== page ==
A writer like you: Leslie Burton-Lopez

A writer like you: Leslie Burton-Lopez

Countess Sparkle VonUnikkorn the 1st is a writer of things sometimes.

Just kidding, her name is Leslie Burton-Lopez. She likes to pretend.

She is currently working on a 1,000-piece puzzle called The Spirit of Flight which simultaneously calms and enrages her. 

Her hobbies include working on unnecessarily complex jigsaw puzzles (see above), snuggling with her step-dog, browsing Reddit for inappropriate lengths of time, and daydreaming about adventures with her amazing partner.

Her all-time favorite books may not be considered classical works of art for those literary snobs among us, but she loves them: The Wizard of Oz, Alice in Wonderland, and Gone with the Wind. She also reads a bunch of YA, and likes to keep it interesting by reading them in different languages. You haven’t lived until you’ve read Harry Potter in Italian. “Ma, sei strega, o no!?” Si. Lei é strega (e anche contessa).

She is published in When to Now: A Time Travel Anthology, an extremely entertaining and devastatingly cool short story anthology with a time travel theme (available on Amazon!)

You’ll love her passion for flipping houses, make-believe holidays, looped stories, and critique groups.

Let’s dive into the interview, shall we?

When did you know you wanted to be a writer? 

I still don’t know what I want to be. If I had a bajillion dollars I would flip houses. There are a lot of old houses that have stories in them. Reviving them is how I envision the physical act of writing. Blood, sweat, and tears, baby.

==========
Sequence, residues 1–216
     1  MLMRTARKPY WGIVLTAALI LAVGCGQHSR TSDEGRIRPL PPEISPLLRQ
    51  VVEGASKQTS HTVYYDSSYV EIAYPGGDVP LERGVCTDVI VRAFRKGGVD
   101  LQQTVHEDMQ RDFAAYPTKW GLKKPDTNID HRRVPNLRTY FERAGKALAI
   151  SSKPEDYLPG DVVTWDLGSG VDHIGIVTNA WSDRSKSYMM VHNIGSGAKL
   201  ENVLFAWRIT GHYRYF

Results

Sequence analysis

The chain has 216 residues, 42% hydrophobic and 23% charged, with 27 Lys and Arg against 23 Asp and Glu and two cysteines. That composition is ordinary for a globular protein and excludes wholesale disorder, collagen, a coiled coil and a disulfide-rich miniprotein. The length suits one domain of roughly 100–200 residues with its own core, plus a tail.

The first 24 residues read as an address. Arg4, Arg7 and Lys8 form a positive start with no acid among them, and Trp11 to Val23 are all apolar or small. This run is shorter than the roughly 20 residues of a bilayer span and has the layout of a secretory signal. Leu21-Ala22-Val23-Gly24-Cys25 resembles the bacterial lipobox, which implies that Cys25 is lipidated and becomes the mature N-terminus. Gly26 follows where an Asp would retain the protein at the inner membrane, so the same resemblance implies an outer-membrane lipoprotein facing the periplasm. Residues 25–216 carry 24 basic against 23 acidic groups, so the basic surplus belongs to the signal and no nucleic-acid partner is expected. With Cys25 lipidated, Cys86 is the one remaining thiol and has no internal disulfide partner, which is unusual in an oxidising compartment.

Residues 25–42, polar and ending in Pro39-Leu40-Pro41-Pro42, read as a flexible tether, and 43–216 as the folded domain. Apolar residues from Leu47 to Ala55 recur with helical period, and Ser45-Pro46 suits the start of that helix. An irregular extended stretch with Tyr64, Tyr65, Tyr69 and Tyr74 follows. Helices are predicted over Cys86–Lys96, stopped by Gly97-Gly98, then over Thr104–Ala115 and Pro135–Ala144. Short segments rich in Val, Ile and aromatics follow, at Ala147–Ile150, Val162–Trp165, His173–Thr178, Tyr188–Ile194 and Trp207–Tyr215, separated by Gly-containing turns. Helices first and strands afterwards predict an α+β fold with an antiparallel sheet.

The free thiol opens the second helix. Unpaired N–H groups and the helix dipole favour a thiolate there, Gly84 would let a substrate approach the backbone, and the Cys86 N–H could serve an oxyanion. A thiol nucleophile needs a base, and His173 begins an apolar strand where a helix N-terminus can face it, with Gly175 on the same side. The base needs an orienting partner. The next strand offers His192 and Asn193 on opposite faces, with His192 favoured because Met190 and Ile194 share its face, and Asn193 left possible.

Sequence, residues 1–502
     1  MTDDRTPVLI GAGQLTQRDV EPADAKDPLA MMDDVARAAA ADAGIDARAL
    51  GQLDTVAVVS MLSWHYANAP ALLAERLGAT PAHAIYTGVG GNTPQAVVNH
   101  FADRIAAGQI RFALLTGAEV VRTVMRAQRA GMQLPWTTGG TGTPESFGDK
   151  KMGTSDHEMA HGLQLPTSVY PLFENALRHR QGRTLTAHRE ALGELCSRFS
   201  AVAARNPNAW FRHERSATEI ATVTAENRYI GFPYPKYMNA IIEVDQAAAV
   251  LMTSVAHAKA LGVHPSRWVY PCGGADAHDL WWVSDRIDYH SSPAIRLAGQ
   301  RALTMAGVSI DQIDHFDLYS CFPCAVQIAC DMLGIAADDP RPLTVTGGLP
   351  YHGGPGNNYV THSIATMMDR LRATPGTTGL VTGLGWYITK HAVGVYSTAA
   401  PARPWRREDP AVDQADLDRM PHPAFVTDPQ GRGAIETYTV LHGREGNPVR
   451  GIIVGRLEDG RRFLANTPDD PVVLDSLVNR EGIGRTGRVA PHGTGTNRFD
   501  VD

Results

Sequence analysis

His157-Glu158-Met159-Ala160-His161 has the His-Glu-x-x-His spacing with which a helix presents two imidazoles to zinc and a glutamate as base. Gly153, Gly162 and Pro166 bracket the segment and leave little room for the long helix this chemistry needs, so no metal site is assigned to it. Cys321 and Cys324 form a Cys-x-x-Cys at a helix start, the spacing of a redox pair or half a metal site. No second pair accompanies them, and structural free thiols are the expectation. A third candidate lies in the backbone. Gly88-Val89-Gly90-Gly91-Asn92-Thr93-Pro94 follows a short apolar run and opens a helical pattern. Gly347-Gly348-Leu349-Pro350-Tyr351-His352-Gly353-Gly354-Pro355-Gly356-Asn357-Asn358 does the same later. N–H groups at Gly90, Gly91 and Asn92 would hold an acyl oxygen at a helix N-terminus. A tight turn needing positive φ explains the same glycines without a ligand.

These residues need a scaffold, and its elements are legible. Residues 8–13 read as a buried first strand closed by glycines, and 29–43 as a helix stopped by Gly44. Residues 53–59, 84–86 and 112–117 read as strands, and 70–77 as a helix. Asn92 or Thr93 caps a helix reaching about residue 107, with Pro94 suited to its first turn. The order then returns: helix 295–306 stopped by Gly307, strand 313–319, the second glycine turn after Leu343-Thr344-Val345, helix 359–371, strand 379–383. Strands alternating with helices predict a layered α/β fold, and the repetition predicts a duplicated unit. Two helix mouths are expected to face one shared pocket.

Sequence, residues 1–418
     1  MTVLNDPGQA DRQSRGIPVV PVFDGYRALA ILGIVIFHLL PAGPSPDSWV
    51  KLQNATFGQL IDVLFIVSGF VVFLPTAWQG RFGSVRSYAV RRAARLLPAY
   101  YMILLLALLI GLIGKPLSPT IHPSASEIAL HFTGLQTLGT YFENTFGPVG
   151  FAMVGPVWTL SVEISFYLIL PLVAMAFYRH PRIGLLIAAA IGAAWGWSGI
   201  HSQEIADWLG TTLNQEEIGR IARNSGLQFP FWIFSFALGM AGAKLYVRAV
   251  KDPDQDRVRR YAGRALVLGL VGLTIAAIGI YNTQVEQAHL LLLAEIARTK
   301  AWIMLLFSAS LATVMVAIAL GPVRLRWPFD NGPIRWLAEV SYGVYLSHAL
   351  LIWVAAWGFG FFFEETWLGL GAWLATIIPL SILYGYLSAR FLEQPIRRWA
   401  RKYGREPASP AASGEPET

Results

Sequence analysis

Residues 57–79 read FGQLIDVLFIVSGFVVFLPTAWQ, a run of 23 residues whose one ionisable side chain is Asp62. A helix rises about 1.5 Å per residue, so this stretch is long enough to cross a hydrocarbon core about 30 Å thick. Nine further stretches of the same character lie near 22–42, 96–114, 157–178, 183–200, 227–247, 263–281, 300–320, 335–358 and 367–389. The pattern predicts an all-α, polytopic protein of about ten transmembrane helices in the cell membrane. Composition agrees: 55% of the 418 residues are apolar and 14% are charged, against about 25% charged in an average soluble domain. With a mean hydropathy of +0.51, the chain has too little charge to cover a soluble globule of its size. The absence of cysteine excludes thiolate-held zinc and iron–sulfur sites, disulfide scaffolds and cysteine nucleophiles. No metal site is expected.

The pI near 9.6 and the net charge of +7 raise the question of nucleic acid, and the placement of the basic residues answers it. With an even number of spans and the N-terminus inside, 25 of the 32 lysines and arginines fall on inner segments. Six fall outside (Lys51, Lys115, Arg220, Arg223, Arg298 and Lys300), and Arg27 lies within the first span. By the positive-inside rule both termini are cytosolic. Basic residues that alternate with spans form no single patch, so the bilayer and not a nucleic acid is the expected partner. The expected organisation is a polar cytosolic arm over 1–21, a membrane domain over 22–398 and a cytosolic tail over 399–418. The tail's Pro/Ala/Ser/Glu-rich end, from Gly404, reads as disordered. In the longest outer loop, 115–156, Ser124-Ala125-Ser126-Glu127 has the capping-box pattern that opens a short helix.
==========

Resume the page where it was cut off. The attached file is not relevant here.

I lived next door to a big ol’ house in Alameda, CA, for six months. It was condemned, but from my little apartment window I could see a gigantic, beautiful, warped stained glass window. The house consumed me. I would sit out front and draw it. I would think about renovating it, even going so far as to track down the real estate agent for the property (as if I could afford to buy a mansion in the California bay area, no matter how decrepit). I dreamt about the first occupants and how different life must have been for them. I could write hundreds of stories just from looking at the outside of this house. It was stunning in its decay.

Daydreams are the leading cause of stories. Don’t be a statistic!

What motivated you to choose your profession? 

The Countess Sparkle runs her own marketing business – Every Page Marketing – which keeps her days full of banal, mildly persuasive writing that people actually pay her for. She likes to declare company holidays for important reasons: Not Feeling It Day, Don’t Want to Get out of Bed Day, and Taco Bell Break Day, are just a few that the company celebrates quarterly.

What have you learned about writing so far? 

That I have a lot to learn. I learn from my writing group, the Fairfield Scribes. I learn from their scathing critiques, and their also sometimes-kind words about what taps out from my clumsy fingers. We also eat pizza at our meetings, which soothes the burns of the critiques (unless some dolt gets pizza with pineapple on it – then it’s just a sad night altogether).

How do you define writer success? 

Success is getting one other person to read your story. 

What are your tips for outlining a story?

Countess Sparkle VonUnikkorn the 1st and her advice for effective outlining: Zero. I have no tips for this because I never outline. I just start writing what is in my head and see where it goes. Most often, it leads to a story that I never intended. This lack of outlining might also be categorized as ‘procrastination’ or ‘laziness’ to the untrained eye.

On a 100% unrelated note: anyone else want a taco break? 

Any tips for writing a powerful beginning or ending?